What to Watch For
As we monitor the situation, we have several outstanding questions we are addressing to determine the significance of opposition to the Taliban and the likelihood of expanded national conflict:

Is the reported resistance in the Panjshir Valley defensive or offensive?

If the reports of a new resistance movement are true, it poses a significant challenge to the Taliban’s control and its search for international legitimacy. The Panjshir Valley provides a strong redoubt for a resistance movement, and while the Taliban claims to control all border crossings and most of the territory between the valley and the border, it is difficult to quell all movement of personnel and goods along the frontier.
The resistance activity could also be more of a defensive operation, with the Panjshir Valley serving as a gathering place for those fleeing the Taliban or resisting Taliban control. There are reports, for example, of ethnic Hazara Shias moving into the valley to shelter from the Taliban. This would present a persistent problem for the Taliban, but not necessarily an unmanageable one, at least in the near term. While the Panjshir Valley is difficult terrain to conquer, the same strength of limited accessibility can be a liability, enabling the Taliban to largely bottle up the resistance within a single geographic area.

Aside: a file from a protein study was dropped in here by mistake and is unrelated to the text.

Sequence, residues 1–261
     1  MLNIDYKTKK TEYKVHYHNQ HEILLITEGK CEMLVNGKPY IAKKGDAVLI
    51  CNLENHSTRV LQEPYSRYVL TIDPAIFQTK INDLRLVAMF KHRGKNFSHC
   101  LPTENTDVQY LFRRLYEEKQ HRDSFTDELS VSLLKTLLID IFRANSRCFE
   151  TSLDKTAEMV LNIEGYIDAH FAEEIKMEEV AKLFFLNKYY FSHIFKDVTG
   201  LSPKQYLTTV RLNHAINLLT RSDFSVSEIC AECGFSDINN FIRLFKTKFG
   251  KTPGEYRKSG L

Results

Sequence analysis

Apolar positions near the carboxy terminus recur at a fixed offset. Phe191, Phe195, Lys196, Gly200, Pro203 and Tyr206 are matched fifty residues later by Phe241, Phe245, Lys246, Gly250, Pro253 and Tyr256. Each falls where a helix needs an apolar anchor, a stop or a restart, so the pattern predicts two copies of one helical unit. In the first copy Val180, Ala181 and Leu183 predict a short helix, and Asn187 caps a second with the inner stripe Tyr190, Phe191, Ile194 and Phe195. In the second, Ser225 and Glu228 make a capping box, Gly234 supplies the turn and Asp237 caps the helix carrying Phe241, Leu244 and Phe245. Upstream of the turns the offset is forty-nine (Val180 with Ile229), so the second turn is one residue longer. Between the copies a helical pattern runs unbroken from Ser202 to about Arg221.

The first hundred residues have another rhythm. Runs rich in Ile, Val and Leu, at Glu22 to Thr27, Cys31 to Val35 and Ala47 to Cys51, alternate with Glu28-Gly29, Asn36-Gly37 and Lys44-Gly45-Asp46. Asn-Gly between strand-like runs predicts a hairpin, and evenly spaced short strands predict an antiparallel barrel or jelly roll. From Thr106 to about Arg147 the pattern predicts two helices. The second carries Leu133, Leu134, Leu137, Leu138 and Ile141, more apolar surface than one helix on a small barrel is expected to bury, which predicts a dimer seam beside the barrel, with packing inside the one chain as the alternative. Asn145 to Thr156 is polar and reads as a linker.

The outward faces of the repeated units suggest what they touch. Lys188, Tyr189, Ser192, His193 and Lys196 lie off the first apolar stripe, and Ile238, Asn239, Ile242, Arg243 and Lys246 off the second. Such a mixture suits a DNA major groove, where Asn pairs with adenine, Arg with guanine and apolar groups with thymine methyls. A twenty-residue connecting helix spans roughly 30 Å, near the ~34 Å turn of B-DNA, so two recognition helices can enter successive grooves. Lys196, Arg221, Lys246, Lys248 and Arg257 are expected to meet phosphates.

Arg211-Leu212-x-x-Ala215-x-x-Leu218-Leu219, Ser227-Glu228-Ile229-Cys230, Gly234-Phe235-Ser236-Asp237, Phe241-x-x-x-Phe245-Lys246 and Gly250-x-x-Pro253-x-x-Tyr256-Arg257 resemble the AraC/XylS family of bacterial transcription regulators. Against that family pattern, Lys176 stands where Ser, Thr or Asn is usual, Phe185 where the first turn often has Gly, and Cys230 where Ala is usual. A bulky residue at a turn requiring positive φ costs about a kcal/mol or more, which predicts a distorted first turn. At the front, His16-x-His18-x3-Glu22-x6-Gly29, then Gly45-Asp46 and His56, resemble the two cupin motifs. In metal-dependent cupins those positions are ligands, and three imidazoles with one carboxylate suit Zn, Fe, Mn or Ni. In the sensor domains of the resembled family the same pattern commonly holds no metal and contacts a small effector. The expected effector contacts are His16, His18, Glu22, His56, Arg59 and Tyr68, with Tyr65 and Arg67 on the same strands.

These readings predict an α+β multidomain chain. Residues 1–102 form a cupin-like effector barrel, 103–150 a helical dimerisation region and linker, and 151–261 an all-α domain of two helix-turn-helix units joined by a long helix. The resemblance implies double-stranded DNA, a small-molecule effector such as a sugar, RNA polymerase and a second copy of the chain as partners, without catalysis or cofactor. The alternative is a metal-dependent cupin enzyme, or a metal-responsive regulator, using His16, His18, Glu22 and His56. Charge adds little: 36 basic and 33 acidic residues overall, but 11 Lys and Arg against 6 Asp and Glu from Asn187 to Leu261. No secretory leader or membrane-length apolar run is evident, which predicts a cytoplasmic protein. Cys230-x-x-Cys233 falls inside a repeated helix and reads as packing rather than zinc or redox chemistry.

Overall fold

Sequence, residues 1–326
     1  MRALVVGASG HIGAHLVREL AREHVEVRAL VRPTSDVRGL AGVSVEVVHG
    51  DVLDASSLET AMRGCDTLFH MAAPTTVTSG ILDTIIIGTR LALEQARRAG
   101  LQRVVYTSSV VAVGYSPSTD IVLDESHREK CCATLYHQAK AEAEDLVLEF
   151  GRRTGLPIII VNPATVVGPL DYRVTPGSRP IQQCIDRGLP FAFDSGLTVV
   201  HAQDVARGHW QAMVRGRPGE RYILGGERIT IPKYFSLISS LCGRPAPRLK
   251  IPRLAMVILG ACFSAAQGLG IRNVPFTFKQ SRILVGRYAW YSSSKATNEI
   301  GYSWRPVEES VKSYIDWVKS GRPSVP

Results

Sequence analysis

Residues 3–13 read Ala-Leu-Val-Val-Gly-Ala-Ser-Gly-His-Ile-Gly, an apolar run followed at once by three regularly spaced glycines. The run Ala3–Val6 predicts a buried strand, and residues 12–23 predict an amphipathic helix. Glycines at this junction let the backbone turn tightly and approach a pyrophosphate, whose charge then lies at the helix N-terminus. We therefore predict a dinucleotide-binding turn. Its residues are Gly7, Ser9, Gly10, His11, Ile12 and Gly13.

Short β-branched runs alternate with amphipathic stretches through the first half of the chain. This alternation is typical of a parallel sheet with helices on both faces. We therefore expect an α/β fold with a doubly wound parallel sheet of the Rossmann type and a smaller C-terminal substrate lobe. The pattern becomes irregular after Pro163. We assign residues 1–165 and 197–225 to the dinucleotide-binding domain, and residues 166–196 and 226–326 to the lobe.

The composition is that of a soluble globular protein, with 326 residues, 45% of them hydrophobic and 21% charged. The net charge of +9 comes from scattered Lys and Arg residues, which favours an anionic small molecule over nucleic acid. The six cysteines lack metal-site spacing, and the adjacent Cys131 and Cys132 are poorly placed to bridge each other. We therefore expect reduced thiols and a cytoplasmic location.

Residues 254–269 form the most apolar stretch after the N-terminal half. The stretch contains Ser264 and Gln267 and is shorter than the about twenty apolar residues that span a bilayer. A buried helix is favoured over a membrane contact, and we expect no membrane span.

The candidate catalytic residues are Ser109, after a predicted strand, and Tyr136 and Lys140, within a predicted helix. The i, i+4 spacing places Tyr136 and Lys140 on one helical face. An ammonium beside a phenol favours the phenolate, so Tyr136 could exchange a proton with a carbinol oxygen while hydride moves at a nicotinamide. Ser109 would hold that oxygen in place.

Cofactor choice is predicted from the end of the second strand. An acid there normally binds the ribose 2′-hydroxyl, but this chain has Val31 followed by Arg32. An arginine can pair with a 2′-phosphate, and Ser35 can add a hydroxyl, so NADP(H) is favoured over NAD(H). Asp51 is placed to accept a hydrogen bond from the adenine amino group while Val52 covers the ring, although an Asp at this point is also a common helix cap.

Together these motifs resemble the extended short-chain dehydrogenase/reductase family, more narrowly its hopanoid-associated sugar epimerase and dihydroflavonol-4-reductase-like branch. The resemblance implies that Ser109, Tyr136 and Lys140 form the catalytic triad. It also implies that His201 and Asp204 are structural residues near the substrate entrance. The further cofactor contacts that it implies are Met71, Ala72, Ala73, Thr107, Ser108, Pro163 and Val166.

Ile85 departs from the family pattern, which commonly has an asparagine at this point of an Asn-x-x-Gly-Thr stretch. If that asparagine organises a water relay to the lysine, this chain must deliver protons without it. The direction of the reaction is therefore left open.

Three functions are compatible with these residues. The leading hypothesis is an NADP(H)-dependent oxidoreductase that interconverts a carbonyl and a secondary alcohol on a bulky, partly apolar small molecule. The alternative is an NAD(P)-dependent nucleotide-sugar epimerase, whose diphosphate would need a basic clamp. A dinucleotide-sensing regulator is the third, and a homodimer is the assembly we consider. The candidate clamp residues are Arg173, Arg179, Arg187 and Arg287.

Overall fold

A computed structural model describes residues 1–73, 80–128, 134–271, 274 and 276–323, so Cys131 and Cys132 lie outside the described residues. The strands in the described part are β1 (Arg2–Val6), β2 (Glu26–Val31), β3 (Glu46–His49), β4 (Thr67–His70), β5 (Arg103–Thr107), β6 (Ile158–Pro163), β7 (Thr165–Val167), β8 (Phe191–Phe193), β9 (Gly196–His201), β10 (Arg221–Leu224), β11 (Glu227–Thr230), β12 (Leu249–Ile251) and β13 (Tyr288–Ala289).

If this is about building a base for future operations against the Taliban, then we are likely to first see anti-Taliban forces move to the north to open up the border with Tajikistan and establish lines of communication outside Afghanistan to ensure resupply and perhaps even personnel and training. It is possible that the Panjshir Valley first provides a defensive position before later becoming a base of operations for the counter-push against the Taliban, at least in the north. From the Taliban’s perspective, it is vital to deny the opposition, either defensively or offensively, the freedom to use the strategic and symbolic Panjshir Valley.